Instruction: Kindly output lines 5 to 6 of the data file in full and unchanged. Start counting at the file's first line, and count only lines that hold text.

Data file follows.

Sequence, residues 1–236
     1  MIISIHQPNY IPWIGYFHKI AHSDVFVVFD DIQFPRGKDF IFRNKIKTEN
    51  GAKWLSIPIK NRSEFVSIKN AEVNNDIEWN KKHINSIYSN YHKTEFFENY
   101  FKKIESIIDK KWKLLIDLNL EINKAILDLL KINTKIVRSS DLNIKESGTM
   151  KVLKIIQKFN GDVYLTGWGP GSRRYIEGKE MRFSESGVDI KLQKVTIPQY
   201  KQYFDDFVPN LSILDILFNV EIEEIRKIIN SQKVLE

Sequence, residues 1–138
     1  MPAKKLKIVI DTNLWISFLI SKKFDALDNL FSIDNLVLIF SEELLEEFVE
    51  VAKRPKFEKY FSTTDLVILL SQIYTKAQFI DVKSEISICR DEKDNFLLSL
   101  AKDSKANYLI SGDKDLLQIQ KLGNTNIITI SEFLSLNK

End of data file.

   151  KVLKIIQKFN GDVYLTGWGP GSRRYIEGKE MRFSESGVDI KLQKVTIPQY
   201  KQYFDDFVPN LSILDILFNV EIEEIRKIIN SQKVLE